EU external relations

8 May 2016

Turkish president, Recep Tayyip Erdogan, pressures the EU to grant visa exemptions to Turkish citizens before October. The agreement signed by Brussels and Ankara this past March in order to combat the overwhelming influx of refugees entering the European Union included a line that made reference to a visa exemption. Nevertheless, after hearing the statements made by Volkan Bozkir, Turkish Minister of European Affairs, in which he expressed his opposition to change anti-terrorism legislation, Brussels is not convinced. European Commission president, Jean-Claude Juncker, warned the Turkish president that, is his country does not comply with the 72 conditions agreed upon by the EU, there would be no visa exemptions whatsoever.

2 May 2016

Greenpeace Holland has leaked controversial classified documents concerning TTIP, the commercial trade agreement between the United States and the EU. The suspicions held by many are now confirmed by revealing the enormous influence that both European and American lobbies have had over bargaining as well as the European Commission’s opacity casting a shadow over the negotiations. The documents bring to light Washington’s intention of modifying the EU’s legislative process and moderating regulations concerning environmental and health concerns. Among them, the questions causing the most uproar deal with cosmetics, environmental protection and genetically-modified organisms.


Europe’s “Dutch Disease”

by Andreas Marazis, 14 April 2016

No, Europe is not considered a victim of the economic phenomenon known as “Dutch Disease” or “resource curse”, referring to economies of countries that rely heavily on natural resource revenues. But it might suffer from a different kind of “Dutch Disease” brought about by the serious blow from the “NO” outcome of the April 6, 2016 Dutch referendum regarding the EU-Ukraine Association Agreement which has served to fragment the EU and weaken its unified decision-making power.… full article


7 April 2016

The Dutch overwhelmingly vote “NO” to EU-Ukraine trade deal. With turnout hovering just above 30%, the threshold for the vote to be valid, the Dutch rejected the trade pact nearly 2-to-1, the same free-trade agreement and European integration treaty which sparked protests in Kiev nearly two years ago, eventually leading to then-President Viktor Yanukovich’s resignation and Russia’s annexation of Crimea. The vote serves to bolster a growing euroscepticism in the country and now complicates the Dutch government’s position given that the vote is not binding and that the other 27 EU member states have already ratified the treaty. Ukraine’s president, Petro Poroshenko, condemned the vote and insisted that the result “would not be a strategic obstacle for Ukraine on the path to Europe.”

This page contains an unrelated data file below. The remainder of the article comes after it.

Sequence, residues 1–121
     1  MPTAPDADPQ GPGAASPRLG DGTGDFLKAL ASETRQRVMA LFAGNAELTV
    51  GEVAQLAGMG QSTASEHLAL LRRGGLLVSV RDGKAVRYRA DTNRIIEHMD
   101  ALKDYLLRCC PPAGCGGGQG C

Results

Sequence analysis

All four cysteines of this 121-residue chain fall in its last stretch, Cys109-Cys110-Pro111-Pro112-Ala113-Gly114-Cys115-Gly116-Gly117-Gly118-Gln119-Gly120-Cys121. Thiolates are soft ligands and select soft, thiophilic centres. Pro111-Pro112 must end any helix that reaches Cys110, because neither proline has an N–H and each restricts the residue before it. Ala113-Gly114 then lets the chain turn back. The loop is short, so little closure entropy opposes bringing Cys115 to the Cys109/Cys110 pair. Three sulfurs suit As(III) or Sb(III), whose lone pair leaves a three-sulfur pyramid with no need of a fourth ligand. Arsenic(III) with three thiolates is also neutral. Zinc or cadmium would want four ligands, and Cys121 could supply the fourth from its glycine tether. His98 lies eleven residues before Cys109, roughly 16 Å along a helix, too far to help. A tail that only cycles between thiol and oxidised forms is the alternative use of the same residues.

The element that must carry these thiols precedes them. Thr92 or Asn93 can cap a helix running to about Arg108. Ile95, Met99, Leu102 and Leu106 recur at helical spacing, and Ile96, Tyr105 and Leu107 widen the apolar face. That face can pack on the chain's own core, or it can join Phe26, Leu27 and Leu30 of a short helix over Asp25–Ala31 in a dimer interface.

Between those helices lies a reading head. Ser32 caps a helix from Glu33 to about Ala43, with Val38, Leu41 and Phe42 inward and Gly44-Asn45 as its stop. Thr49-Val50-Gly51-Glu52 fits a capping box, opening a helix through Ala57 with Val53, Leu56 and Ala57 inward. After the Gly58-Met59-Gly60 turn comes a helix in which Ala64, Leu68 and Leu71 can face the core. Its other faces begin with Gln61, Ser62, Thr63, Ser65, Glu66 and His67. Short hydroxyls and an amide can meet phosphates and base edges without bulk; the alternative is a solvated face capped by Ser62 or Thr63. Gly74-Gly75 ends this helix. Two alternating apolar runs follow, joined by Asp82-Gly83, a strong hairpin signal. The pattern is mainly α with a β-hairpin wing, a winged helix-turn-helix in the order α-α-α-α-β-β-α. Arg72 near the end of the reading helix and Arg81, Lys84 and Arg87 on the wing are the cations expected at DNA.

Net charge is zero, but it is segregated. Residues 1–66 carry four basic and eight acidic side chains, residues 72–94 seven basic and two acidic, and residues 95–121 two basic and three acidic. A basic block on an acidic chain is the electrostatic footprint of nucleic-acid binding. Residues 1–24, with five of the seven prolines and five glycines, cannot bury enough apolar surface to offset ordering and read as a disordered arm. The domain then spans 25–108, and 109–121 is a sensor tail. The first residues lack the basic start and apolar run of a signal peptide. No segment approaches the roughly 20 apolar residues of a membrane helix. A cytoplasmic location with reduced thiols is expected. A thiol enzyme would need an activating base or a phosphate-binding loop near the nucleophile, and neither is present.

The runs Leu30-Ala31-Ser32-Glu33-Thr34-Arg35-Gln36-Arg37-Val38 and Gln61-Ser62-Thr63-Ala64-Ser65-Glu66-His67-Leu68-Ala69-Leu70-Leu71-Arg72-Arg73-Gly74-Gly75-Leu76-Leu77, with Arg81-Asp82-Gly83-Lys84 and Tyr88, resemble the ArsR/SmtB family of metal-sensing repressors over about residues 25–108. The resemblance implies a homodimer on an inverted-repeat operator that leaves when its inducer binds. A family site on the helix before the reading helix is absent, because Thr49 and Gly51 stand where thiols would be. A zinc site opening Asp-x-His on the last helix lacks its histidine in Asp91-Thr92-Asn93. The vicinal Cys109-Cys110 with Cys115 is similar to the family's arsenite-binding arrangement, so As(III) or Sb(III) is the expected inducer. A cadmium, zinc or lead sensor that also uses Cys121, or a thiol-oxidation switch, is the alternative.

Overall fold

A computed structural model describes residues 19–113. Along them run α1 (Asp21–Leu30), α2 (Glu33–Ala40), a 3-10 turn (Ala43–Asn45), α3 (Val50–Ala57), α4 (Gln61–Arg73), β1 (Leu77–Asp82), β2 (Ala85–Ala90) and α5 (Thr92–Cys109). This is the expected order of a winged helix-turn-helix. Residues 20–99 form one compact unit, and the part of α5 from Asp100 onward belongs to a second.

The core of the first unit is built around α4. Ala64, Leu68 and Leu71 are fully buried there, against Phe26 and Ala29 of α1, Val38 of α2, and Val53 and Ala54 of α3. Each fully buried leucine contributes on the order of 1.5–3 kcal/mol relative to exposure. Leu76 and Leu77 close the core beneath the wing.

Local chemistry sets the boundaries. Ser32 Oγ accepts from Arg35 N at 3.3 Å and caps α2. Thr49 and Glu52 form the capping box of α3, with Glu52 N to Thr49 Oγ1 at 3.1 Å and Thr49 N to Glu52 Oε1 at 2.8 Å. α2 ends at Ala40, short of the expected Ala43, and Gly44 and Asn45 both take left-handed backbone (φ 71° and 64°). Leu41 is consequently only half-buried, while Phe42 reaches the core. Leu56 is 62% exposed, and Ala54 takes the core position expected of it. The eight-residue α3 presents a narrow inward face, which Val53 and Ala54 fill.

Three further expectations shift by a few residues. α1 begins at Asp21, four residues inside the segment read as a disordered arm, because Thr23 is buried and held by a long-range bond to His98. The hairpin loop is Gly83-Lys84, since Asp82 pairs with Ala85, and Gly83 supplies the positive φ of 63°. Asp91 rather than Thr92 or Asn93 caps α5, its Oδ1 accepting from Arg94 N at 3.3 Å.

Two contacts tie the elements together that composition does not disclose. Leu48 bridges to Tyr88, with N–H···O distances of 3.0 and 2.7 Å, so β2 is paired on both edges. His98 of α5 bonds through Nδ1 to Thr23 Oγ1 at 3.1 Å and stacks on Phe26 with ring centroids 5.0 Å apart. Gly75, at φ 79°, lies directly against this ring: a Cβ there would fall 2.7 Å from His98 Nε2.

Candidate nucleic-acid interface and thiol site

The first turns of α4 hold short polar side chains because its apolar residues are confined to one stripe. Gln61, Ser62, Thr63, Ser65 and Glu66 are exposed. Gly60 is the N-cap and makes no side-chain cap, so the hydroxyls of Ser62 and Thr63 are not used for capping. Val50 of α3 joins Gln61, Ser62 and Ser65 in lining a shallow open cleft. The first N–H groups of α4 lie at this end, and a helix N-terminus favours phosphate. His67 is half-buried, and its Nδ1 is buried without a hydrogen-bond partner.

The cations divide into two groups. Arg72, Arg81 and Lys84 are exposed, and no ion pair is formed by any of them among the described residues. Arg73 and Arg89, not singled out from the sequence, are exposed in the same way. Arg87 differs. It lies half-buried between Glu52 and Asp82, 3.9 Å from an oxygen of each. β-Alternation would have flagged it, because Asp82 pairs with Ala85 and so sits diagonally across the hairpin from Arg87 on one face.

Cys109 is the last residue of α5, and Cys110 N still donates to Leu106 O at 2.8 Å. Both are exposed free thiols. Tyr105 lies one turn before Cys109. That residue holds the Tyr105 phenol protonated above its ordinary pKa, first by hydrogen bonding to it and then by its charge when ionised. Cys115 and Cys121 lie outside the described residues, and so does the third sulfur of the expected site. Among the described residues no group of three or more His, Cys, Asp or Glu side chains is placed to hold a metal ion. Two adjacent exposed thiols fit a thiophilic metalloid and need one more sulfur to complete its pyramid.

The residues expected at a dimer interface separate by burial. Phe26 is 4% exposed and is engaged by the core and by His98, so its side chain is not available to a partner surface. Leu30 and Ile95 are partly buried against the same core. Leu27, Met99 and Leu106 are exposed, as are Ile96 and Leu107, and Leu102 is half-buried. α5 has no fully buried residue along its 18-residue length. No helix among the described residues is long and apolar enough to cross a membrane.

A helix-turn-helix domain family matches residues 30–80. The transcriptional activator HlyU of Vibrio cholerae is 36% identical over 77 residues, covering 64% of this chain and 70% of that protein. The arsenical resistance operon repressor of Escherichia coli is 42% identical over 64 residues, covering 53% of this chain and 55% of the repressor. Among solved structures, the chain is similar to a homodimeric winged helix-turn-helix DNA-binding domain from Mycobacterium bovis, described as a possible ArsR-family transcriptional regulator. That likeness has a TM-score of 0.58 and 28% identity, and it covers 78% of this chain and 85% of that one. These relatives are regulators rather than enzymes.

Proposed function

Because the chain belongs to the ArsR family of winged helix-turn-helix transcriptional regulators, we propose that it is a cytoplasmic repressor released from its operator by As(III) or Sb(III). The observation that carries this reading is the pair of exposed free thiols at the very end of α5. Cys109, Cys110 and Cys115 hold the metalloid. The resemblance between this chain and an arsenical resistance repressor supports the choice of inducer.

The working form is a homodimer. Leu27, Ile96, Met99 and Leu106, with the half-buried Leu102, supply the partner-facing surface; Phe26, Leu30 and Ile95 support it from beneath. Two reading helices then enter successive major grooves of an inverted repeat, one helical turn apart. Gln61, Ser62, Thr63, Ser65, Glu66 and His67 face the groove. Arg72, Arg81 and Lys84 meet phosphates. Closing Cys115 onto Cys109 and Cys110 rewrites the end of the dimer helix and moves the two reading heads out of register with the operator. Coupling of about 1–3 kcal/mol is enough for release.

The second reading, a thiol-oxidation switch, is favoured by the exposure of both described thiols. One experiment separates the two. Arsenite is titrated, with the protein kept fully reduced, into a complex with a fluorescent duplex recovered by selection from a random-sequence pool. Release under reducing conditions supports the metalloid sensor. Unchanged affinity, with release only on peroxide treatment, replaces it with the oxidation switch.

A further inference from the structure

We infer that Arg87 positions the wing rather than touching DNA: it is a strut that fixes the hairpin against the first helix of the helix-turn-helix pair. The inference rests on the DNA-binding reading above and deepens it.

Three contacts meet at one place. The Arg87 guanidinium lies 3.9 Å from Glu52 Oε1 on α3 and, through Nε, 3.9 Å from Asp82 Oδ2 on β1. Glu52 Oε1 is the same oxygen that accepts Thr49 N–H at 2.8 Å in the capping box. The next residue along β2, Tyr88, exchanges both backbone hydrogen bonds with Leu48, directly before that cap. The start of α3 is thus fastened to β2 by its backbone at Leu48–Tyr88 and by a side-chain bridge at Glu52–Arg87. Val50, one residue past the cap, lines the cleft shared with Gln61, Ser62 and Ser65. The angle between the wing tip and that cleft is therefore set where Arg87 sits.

14 February 2016

Russian prime minister, Dmitry Medvedev, warns that the world is slipping into a “new cold war” during a security conference in Munich. His words reflect the lack of cooperation taking place between Russia and the rest of Europe at a time when many claim that Russian airstrikes in Syria are targeting civilians. “There is no evidence of us bombing civilians, even though everyone is accusing us of this,” said Medvedev, “Russia is not trying to achieve some secret goals in Syria. We are simply trying to protect our national interests.” Many are claiming Russia’s rhetoric and actions to be undermining the path to peace that many are seeking for the region as well as posing a threat to Europe, America and the rest of the world. Medvedev asked, “I sometimes wonder: are we in 2016 or 1962?”


Old Ukraine, New Ukraine
Opinion article by Francisco de Borja Lasheras, 25 November 2015

When, like every Monday in the 1990s, the children at her school in Sambir, western Ukraine, sang the national anthem, Anna felt nothing. It was a cold ritual, directed towards an impersonal entity: the state, which did not evoke many positive emotions. Suspicion more like. Just as in George Orwell’s “Animal Farm,” in the eyes of that corrupt, bureaucratic superstructure, some were more equal than others. The superstructure was able to provide certain public services – and quash any hint of dissidence. The new independent state looked very much like the previous regime, the USSR